The people of County Mayo, the region of Western Ireland where we shot, are some of the kindest, funniest, and most welcoming you’ll meet. Their decidedly Irish sensibilities naturally crept into the production, imbuing our final product with a joy that I think comes across onscreen.
In turn, we brought business to an area that’s usually very quiet in October and November, the rainiest season in Ireland. Ballina and Crossmolina (the towns in County Mayo where we shot) are over 3 hours away from Dublin, and not obvious tourist destinations to those unfamiliar with Ireland. Because of this, even a modestly budgeted project like WMT can have a lasting impact on the area’s local economy.
WILD MOUNTAIN THYME is based on John Patrick Shanley’s 2014 play Outside Mullingar, about the sale of his family’s farm in Ireland. As an Irish-American, the production of WMT was a very personal experience for him as a director. He was adamant that the characters’ appearances and mannerisms, as well as the spaces they move in, all reflect what life is really like on a family farm in Ireland.
For our Irish characters, this meant making costume, hair, and makeup choices that were functional above all else, something that Emily Blunt in particular gave a lot of attention to. It’s very fun to see Rosemary, Anthony, and Tony’s (Christopher Walken) farm workwear violently clash with Adam’s (Jon Hamm) white trench coat and Rolls Royce, when he comes blowing into town as Anthony’s suave American cousin.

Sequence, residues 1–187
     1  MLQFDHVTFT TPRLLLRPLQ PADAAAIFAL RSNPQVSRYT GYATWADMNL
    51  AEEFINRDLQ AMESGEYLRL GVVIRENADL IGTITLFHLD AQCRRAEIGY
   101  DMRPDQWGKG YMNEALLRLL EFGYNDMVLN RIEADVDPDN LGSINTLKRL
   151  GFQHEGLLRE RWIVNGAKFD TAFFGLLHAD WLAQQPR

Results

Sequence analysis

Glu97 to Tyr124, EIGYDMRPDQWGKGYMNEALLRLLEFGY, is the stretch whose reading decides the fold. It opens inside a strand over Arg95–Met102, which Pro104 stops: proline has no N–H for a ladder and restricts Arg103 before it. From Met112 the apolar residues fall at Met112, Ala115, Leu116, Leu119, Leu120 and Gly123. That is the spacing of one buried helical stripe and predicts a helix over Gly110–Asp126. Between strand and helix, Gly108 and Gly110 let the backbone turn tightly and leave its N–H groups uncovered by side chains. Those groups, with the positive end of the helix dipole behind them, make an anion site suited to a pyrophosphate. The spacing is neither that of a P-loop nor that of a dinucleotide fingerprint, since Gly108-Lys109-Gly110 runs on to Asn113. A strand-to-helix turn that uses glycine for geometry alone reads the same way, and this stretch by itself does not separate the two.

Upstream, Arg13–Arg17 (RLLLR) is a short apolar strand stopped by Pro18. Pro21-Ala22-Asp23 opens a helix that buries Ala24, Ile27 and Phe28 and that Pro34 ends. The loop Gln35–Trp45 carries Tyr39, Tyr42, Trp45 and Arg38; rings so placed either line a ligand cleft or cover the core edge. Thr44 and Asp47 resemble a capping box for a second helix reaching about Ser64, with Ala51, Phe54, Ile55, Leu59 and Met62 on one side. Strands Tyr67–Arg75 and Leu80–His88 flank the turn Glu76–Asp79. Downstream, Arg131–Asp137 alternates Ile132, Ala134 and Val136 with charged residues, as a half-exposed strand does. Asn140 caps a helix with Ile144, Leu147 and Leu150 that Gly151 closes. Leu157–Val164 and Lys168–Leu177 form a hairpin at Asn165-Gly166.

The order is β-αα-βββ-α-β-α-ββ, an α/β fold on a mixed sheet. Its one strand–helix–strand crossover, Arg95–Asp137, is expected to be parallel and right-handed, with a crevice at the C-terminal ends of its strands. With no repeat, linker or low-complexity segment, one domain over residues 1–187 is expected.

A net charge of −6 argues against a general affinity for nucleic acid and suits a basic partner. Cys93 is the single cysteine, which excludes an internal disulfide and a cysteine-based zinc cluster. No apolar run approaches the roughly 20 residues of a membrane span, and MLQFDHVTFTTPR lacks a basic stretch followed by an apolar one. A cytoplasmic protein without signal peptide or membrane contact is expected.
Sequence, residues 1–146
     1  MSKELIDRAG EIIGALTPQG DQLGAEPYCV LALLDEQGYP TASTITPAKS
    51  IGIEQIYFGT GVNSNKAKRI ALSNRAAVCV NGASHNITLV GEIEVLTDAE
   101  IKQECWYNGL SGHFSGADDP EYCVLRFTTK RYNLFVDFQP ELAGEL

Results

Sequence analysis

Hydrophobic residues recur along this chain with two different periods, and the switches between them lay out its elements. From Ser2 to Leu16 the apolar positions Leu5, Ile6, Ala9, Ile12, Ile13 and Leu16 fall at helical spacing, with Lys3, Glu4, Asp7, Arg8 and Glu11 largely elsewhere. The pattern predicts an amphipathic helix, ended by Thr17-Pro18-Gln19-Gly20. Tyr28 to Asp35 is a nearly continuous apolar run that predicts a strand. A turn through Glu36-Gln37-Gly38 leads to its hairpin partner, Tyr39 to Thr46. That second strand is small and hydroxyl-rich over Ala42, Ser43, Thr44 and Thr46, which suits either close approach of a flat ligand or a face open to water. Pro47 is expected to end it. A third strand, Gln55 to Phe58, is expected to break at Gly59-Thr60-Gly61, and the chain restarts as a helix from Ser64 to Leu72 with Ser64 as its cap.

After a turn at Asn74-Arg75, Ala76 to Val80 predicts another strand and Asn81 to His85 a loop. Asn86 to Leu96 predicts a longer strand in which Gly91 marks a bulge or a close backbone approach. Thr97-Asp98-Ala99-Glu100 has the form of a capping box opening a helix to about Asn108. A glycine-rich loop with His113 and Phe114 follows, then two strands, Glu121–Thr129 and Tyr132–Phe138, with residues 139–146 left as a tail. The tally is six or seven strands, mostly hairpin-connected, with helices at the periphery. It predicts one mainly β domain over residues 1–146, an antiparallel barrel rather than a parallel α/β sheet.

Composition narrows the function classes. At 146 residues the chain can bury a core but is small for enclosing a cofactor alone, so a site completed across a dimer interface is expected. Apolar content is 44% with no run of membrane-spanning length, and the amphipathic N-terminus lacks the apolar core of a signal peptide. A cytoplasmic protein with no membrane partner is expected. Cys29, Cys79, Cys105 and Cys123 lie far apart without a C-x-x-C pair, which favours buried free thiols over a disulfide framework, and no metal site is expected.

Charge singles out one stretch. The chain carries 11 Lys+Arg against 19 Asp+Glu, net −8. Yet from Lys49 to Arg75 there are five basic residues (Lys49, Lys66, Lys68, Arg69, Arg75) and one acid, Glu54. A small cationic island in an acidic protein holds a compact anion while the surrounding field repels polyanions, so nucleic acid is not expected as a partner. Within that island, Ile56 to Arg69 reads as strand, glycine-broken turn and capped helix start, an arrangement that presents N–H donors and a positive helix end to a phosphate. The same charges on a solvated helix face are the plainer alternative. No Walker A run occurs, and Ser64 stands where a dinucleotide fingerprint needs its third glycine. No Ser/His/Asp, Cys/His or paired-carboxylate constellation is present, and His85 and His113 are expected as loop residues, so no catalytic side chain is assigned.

We also took care to incorporate the more unglamorous parts of Irish country living into our production design. When watching the film, you’ll notice that the interior spaces feel lived-in and cramped, to the point of claustrophobic at times. Without spoiling anything, this allows the tension in the more confrontational scenes between Rosemary, Anthony, and Tony to simmer, until it boils over altogether.
With Jamie Dornan on the Set of "Wild Mountain Thyme"
In our quest for authenticity, we were fortunate to have two incredible Irish actors, Jamie Dornan and Dearbhla Molloy, in our main cast. Dearbhla, who plays Aoife Muldoon, revised the same role she played in Outside Mullingar.